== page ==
State Superintendent of Public Instruction Tom Horne announced on Wednesday morning that he is fighting to uphold a state law that bans transgender girls from competing on girls teams in schools after a claim was filed last month.
The claim represents two Arizona families that have transgender daughters that want to compete on girls teams in schools. But the Arizona statute is stopping them from doing so. The lawsuit is against two Arizona school districts, Horne and the Arizona Interscholastic Association. It claims that A.R.S. 15-120.02 violates both federal nondiscrimination laws and the U.S. Constitution. The law, signed by previous Governor Doug Ducey last year, says “athletic teams or sports designated for females, women or girls may not be open to students of the male sex.”
But, Horne says this lawsuit risks the impact that Title IX has on women's sports.
“I feel very deep sympathy for people who feel they were born in the wrong body,” Horne said during the Wednesday news conference. “But I also believe that biological males should not compete against females, because it's unfair. And it will ultimately undermine women's sports.”
Attorney General Kris Mayes disqualified herself from defending the statute. However, earlier this month, Senate President Warren Petersen and House Speaker Ben Toma requested to intervene in the lawsuit after Mayes announced her dismissal in hopes to defend the law.
Horne is now represented by Phoenix law firm Wilenchik and Bartness. As of Wednesday afternoon, he is the only defendant to file an answer to the complaint.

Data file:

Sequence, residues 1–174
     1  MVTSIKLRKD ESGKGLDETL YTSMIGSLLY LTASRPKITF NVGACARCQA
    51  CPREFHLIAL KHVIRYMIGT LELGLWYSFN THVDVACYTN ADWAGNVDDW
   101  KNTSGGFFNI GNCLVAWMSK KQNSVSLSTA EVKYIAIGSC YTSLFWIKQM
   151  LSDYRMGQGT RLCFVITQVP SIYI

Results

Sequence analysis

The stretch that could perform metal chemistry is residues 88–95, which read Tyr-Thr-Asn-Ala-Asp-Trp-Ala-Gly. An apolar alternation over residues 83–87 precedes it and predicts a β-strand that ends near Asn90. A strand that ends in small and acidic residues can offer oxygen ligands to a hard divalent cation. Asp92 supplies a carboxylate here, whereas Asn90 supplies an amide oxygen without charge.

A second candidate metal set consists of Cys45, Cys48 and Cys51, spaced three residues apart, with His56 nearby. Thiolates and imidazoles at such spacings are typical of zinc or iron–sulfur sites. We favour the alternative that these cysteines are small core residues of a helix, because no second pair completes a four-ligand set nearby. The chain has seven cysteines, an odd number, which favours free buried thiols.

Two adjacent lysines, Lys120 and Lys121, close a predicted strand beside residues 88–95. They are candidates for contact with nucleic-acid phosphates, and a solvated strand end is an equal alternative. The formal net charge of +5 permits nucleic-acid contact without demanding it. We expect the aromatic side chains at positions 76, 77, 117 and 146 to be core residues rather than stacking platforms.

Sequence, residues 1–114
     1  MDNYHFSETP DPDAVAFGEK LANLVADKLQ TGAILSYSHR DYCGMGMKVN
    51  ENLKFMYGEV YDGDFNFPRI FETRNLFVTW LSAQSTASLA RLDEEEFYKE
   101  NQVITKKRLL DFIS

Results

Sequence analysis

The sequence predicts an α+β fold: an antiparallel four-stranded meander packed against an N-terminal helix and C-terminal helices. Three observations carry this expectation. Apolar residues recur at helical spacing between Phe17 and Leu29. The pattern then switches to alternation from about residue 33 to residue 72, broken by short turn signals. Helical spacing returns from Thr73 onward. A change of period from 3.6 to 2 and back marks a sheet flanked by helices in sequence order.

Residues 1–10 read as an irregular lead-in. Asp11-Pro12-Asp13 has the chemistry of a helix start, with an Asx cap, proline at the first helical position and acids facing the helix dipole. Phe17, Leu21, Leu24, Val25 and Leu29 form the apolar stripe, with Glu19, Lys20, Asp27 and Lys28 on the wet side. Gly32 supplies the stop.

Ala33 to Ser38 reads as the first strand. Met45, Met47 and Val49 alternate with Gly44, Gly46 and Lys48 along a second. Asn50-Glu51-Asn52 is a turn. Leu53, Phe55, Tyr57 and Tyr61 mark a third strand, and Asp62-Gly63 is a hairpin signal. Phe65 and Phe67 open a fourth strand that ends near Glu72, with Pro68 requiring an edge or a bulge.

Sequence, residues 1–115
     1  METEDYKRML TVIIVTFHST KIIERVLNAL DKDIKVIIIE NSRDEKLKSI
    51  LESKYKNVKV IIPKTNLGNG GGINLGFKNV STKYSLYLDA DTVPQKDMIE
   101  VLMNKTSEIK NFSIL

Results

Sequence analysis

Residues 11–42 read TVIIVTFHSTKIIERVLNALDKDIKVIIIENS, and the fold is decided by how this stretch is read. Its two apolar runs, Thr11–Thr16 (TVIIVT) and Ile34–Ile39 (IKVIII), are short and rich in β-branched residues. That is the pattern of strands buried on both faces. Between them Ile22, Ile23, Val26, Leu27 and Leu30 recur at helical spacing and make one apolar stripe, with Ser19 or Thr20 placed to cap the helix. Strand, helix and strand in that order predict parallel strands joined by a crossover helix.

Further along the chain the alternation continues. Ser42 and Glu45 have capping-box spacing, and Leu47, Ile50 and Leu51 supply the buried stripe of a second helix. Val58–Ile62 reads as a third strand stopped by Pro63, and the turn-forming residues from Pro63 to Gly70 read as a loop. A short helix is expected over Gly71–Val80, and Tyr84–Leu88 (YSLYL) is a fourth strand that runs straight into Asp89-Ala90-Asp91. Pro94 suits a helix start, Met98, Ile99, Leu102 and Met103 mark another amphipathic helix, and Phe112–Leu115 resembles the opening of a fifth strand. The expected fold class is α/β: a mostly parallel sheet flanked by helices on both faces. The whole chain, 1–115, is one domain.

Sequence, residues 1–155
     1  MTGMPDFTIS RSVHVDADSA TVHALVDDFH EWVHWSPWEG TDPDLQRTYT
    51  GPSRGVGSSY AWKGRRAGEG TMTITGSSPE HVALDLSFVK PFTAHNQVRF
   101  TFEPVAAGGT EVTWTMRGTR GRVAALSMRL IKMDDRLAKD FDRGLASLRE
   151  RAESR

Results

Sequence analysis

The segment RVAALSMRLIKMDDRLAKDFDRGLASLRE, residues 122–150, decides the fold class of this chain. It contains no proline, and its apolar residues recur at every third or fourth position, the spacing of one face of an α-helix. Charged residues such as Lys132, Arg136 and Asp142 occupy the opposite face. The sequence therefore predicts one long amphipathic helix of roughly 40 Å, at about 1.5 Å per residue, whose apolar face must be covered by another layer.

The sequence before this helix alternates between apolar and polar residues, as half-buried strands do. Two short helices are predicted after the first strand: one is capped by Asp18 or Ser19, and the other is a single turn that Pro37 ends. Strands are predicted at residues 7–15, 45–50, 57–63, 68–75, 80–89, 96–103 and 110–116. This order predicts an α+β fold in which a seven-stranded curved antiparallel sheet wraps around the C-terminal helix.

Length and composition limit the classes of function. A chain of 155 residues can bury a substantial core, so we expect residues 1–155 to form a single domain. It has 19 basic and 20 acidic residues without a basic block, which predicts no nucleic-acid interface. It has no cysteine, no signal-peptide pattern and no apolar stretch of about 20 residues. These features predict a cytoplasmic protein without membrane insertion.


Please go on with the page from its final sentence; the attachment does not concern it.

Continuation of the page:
“We are devoted to winning this case, on behalf of every citizen of Arizona, who cares about women's and girls sports,” Horne said.
In his response, Horne argues that the law does not target trans athletes, saying it actually excludes all biological boys from girls teams, regardless of their “voluntary choice of gender identity.” The response also says the purpose behind the legislation is “not to discriminate but rather to prevent discrimination in the form of unfairness against females in sports.”
Horne’s attorneys are requesting the court to grant an additional 90 days for Horne to prepare for litigation as well as a denial to the motion for a preliminary injunction that would put that law on halt.
In the news conference, Horne was joined by former University of Arizona Women’s swimming champion Marshi Smith. She, along with other athletes, sent a letter last year to the NCAA and UA for its choice to allow transgender women to compete against cisgender women.